Ideally though it would be lovely to be able to instrument compiled code, it's definitely possible but much more of an hassle without the support of a debugger. Another alternative that sometimes I adopt is to just have an external application peek at regular interval into my target's process memory
It's simple enough but it captures data at a very low frequency so it's not always applicable, I use it most of the times not on programs running in realtime but as an live memory visualization while stepping through in a debugger.

Apple's recent Swift language seems a step into the right direction, and looks like it pulled some ideas from Bret Victor and Light Table.
Microsoft had a timid plugin for VisualStudio that did some very basic plotting that doesn't seem to be actively updated and another one for in-memory images, but what would be really needed is the ability to export data easily and in realtime as good visualizations are usually to be made ad-hoc for a specific problem.

 Cybertune/Tsunami

If you want to delve deeper into program visualization there is a fair bit written about it by the academia, with also a few interesting conferences, but what's even more interesting to me is seeing it applied to one of the hardest coding problems: reverse engineering.
It should perhaps not be surprising as reversers and hackers are very smart people, so it should be natural for them to use the best tools in their job.
It's quite amazing seeing how much one can understand with very little other information by just looking at visual fingerprints, data entropy and code execution patterns.
And again visualization is a process of exploration, it can highlight some patterns and anomalies to then delve in further with more visualizations or by using other tools.

 Data entropy of an executable, graphed in hilbert order, shows signing keys locations.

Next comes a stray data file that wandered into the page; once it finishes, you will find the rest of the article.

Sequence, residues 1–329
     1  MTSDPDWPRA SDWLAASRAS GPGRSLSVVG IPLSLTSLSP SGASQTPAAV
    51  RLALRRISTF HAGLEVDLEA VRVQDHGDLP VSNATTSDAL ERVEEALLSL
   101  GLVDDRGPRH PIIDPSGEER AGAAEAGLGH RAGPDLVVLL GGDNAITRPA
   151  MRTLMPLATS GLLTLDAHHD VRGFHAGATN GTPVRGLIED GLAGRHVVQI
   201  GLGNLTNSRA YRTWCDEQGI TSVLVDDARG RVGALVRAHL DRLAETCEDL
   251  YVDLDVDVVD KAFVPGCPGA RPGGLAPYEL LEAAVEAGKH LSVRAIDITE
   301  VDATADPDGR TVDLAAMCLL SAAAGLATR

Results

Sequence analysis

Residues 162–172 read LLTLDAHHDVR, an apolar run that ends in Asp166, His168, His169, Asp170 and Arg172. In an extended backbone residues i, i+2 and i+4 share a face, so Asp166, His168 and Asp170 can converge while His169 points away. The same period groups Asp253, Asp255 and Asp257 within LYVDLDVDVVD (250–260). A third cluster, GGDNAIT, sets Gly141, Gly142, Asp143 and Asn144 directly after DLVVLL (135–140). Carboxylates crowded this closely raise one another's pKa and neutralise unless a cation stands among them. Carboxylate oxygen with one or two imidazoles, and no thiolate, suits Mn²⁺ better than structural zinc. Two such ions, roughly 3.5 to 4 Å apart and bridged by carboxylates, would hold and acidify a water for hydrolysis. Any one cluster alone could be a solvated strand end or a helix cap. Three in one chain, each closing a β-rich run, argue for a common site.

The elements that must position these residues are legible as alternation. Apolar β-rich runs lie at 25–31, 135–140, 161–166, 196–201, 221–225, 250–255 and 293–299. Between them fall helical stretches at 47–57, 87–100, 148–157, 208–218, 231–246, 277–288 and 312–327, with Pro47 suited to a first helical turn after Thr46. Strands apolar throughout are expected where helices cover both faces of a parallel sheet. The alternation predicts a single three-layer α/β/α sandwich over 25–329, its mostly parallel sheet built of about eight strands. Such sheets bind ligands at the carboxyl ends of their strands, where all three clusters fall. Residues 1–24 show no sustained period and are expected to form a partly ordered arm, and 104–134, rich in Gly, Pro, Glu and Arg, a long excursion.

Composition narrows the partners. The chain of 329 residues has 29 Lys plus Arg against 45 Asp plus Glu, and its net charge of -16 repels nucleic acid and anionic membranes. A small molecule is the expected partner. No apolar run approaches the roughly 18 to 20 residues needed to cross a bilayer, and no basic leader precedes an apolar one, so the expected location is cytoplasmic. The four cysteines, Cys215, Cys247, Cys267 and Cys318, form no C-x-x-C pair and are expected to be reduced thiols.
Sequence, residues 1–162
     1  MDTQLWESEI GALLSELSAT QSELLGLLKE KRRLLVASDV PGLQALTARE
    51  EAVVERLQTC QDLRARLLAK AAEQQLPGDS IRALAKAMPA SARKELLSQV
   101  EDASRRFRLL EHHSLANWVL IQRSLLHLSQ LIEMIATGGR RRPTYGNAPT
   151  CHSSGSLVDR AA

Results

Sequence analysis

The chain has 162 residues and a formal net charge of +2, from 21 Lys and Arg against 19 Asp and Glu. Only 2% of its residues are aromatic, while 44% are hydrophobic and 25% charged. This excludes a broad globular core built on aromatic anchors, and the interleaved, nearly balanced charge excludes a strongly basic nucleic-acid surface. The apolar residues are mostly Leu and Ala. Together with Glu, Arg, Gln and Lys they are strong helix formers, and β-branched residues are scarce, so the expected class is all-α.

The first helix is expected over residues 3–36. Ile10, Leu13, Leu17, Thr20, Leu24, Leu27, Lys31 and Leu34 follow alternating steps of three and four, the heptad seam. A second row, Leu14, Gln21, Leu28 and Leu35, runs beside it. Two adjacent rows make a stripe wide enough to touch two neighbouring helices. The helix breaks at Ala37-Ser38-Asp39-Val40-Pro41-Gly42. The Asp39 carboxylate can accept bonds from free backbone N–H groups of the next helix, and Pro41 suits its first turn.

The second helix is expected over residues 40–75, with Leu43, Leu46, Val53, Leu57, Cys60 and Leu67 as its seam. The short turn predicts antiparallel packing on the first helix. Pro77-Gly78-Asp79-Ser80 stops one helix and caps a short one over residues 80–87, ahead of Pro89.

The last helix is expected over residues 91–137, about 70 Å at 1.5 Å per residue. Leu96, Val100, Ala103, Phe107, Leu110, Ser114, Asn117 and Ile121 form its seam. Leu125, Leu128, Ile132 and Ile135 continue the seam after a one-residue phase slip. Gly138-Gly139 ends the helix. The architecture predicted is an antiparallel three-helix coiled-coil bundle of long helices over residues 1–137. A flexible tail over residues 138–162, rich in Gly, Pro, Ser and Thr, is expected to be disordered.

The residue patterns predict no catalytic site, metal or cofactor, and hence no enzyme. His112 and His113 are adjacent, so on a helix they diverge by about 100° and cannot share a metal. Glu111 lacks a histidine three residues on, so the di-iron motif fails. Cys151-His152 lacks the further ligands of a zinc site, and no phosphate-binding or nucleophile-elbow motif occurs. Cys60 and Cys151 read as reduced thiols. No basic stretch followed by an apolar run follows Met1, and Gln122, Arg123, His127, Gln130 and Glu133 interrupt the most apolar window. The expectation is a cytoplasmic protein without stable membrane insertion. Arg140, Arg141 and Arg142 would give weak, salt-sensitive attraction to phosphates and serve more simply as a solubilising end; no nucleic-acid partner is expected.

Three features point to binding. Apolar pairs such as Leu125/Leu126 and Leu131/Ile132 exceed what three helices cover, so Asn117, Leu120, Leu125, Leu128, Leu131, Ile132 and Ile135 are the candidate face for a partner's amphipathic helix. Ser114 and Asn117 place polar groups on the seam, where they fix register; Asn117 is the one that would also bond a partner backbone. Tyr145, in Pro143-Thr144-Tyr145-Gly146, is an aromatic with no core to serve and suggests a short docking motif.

Visualization is a huge topic and it would be silly to try to teach everything it's needed in a post, but I wanted to give some pointers hoping to get some programmers interested. If you are, here some more links for further study.
Note that most of what you'll find on the topic nowadays is either infovis and data-driven journalism (explaining phenomenons via understandable, pretty graphics) or big-data analytics.
These are very interesting and I have included a few good examples below, but they are not usually what we seek, as domain experts we don't need to focus on aesthetics and communication, but on unbiased, clear quantitative data visualization. Be mindful of the difference.
• Other Articles and websites (be sure to check the links -inside- the post first)

- Addendum: a random sampling of stuff I do for work
All made either in Mathematica or Processing and they are all interactive, realtime.
 Shader code performance metrics and deltas across versions
 Debugging an offline backer (raytracer) by exporting float data and visualizing as point clouds
 Approximation versus ground truth of BRDF normalization
 Approximation versus ground truth of area lights
 BRDF projection on planes (reasoning about environment lighting, card lighting)

Anonymous said...

It seems that visualization is useful in other fields of computing as well: http://www.ted.com/talks/chris_domas_the_1s_and_0s_behind_cyber_warfare

hyc said...

This reminded me of a great little program back in the '80s, called something like The Visible 6502. I saw it on an Apple II but I think it may have also been available for Commodore 64. You could use it to execute any other program and it would display all of the 6502 registers and lines between system parts e.g. RAM and accumulator. It would show data moving around as a dot crawling along the lines drawn between the other components. Quite slow for actually executing code, but great for illustrating the concepts of machine code.

Anonymous said...

@hyc, a quick search told me that the program you're looking for is called "The Visible Computer: 6502" and a user's manual is available online as a PDF.

What I was really searching for, though, is this: http://visual6502.org/JSSim/index.html. It's not the same as The Visible Computer, but if you liked that, you might like this.

Cheers!

Anonymous said...

Great overview! As an extra resource, Dadaviz.com is full of impressive examples.

Anonymous said...

Dtrace and the work of people like Brendan Gregg has been pretty eye opening wrt to how advanced this kind of thing can be outside the Windows and Linux worlds.